Terminator: The name inflicts fear

After writing 32 articles about nuclear science and technology here in the RDR, the fear of nuclear energy and radiation has become unwarranted in my world (and Japan) and hopefully I have enlightened others as well. This brings us to the next fear factor that hasn’t gripped humanity yet but is just starting to be a concern. Unlike the secrecy of the Manhattan Project, AI (software) and robotics (hardware) are completely open source developments.

And yet, “the development of full artificial intelligence could spell the end of the human race,” Stephen Hawking warns. Elon Musk fears that the development of artificial intelligence, or AI, may be the biggest existential threat humanity faces. Bill Gates urges people to beware of it. I agree with Bill Gates’ approach that we have to consider safe usage now (rules) before it is used to create fear.

Dreading that the abominations people create will become their masters, or their executioners, is hardly new. But voiced by a renowned cosmologist, a Silicon Valley entrepreneur and the founder of Microsoft, set against the vast investment in AI by big firms like Google and Microsoft, such fears have taken on new weight. With supercomputers in every pocket and robots looking down on every battlefield, just dismissing them as science fiction seems like self-deception. The question is how to worry wisely.

The first step is to understand what AI (software) can now do and what it is likely to do in the future. Thanks to the rise in processing power and the growing abundance of digitally available data, AI is enjoying a boom in its capabilities. AI will probably eliminate whole regiments of white-collar workers as they become enhanced. Education and training will help and the wealth produced with the aid of AI will be spent on new pursuits to generate new jobs. But workers will be doomed to dislocations.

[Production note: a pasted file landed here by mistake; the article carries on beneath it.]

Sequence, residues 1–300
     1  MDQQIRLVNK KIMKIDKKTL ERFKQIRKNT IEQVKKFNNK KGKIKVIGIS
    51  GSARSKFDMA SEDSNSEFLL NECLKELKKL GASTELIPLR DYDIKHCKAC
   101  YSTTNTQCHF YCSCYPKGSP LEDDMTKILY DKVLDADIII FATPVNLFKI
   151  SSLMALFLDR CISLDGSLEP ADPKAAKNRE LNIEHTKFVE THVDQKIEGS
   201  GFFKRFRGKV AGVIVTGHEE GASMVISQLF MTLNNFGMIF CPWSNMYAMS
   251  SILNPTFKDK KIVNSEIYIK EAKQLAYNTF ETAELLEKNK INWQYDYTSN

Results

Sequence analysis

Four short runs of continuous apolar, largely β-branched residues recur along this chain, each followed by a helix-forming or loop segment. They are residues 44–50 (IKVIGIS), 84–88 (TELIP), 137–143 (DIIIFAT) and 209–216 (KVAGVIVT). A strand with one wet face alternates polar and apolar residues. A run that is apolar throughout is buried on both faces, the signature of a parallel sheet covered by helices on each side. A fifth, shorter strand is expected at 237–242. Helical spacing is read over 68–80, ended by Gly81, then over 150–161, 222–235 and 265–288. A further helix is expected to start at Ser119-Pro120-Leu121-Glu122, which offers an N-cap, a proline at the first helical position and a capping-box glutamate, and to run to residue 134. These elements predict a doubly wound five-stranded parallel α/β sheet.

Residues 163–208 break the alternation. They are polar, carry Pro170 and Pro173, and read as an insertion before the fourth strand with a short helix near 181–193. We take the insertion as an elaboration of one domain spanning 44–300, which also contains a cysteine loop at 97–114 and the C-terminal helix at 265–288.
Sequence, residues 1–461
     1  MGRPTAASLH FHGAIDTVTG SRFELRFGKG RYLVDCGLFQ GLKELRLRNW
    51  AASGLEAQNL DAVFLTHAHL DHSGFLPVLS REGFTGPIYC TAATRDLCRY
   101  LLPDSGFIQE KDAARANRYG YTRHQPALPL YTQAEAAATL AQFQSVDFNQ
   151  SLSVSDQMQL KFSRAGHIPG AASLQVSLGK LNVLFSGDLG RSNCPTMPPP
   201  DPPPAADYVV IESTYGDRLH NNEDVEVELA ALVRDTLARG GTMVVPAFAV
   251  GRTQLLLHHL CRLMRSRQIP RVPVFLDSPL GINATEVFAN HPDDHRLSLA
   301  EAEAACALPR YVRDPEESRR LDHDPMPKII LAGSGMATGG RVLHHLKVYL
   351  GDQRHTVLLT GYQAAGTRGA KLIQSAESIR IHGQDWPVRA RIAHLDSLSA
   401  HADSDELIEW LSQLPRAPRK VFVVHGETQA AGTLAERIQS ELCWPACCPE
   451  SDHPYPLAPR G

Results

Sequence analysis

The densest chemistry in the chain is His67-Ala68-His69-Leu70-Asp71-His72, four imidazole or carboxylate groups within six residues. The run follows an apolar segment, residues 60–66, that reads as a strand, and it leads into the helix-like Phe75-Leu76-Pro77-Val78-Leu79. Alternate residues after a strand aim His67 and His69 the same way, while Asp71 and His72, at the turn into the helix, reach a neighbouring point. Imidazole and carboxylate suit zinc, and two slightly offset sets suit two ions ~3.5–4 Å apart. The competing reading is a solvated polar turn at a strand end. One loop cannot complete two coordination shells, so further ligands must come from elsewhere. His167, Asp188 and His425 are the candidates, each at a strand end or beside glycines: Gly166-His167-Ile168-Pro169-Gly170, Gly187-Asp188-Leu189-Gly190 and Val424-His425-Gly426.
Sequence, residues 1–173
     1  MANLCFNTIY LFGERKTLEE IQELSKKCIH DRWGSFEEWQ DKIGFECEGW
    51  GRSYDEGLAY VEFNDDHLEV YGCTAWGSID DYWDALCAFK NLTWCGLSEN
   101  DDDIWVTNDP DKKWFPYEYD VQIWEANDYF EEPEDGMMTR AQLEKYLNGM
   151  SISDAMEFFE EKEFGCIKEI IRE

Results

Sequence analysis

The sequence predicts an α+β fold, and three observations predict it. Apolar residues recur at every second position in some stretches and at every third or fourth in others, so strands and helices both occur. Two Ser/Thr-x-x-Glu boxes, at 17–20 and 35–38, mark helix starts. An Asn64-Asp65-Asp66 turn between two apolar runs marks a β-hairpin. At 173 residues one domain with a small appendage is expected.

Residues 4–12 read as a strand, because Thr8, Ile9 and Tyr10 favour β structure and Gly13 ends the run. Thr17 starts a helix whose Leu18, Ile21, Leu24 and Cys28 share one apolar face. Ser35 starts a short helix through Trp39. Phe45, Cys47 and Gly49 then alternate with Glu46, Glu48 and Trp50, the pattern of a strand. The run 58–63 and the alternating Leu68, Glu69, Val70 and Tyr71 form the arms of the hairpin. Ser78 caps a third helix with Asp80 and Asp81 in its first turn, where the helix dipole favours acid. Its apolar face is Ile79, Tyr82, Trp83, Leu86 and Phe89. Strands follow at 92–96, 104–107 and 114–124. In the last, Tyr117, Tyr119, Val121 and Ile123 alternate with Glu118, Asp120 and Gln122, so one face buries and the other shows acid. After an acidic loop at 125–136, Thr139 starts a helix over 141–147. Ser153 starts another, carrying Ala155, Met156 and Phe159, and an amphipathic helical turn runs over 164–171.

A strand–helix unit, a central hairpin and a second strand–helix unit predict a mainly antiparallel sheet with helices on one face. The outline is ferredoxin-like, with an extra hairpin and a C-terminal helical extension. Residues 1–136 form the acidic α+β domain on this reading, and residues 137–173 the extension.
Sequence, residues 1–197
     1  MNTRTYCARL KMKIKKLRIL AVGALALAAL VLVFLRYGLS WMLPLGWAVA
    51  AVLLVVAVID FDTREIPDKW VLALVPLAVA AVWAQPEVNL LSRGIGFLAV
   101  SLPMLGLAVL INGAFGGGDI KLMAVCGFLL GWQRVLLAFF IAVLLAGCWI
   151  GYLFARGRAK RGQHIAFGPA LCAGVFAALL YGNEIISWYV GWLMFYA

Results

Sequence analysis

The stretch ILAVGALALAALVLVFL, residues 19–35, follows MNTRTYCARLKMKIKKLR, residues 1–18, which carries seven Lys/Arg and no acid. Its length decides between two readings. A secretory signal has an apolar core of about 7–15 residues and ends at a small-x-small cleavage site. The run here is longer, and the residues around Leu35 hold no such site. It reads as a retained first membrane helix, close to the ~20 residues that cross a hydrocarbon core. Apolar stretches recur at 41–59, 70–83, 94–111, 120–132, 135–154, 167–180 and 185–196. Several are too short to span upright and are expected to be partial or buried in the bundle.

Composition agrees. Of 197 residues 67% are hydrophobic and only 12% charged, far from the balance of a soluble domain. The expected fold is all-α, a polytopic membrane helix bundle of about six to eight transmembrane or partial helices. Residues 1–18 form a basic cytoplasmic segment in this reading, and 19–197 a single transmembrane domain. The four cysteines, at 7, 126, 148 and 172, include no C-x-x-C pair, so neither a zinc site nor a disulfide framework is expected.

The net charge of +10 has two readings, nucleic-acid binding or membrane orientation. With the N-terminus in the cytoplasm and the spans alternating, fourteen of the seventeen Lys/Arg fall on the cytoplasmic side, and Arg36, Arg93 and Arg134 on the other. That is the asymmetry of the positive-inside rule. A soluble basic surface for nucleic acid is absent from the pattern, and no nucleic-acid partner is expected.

AI systems must be open to scrutiny. Because systems designers cannot foresee every set of circumstances, there must also be an off-switch. These constraints can be put in place without compromising progress. The fear of eventually creating an autonomous non-human intelligence is so extraordinary that it risks overshadowing the debate. Yes, there are perils. But they should not obscure the huge benefits from the dawn of AI.

I personally don’t fear AI robotics in the sense of a destructive ‘Terminator’, but I am concerned about the automation aspect of robotics. According to a widely-cited study by economist Carl Benedikt Frey and engineer Michael Osborne, 47 percent of jobs in the United States are at high risk of disappearance due to improving technology. If you think unemployment is high today, it only has one direction to go in the future as the population of the world continues to increase, almost exponentially.

Even as politicians shout about bringing manufacturing jobs back to America, they can’t. China is automating their manufacturing task just as fast as most other countries to stay competitive on the world market. Automation is destroying jobs faster than new technologies are creating them. Where will all the workers go? Some argue that they will free us to do more fulfilling and higher-value jobs in the future, but that requires human smarts. Not everyone has it or wants to work hard enough to get it.

Here is one way to train the next generation. I just sent my grandkids a learning robot that uses an iPhone for its AI. The little toy like robot has face recognition and can learn your language. Of course, kids will be kids and my 4 year old grand son used his God given talents and taught the robot how to fart on command. Hey, he’s 4. What did you expect?

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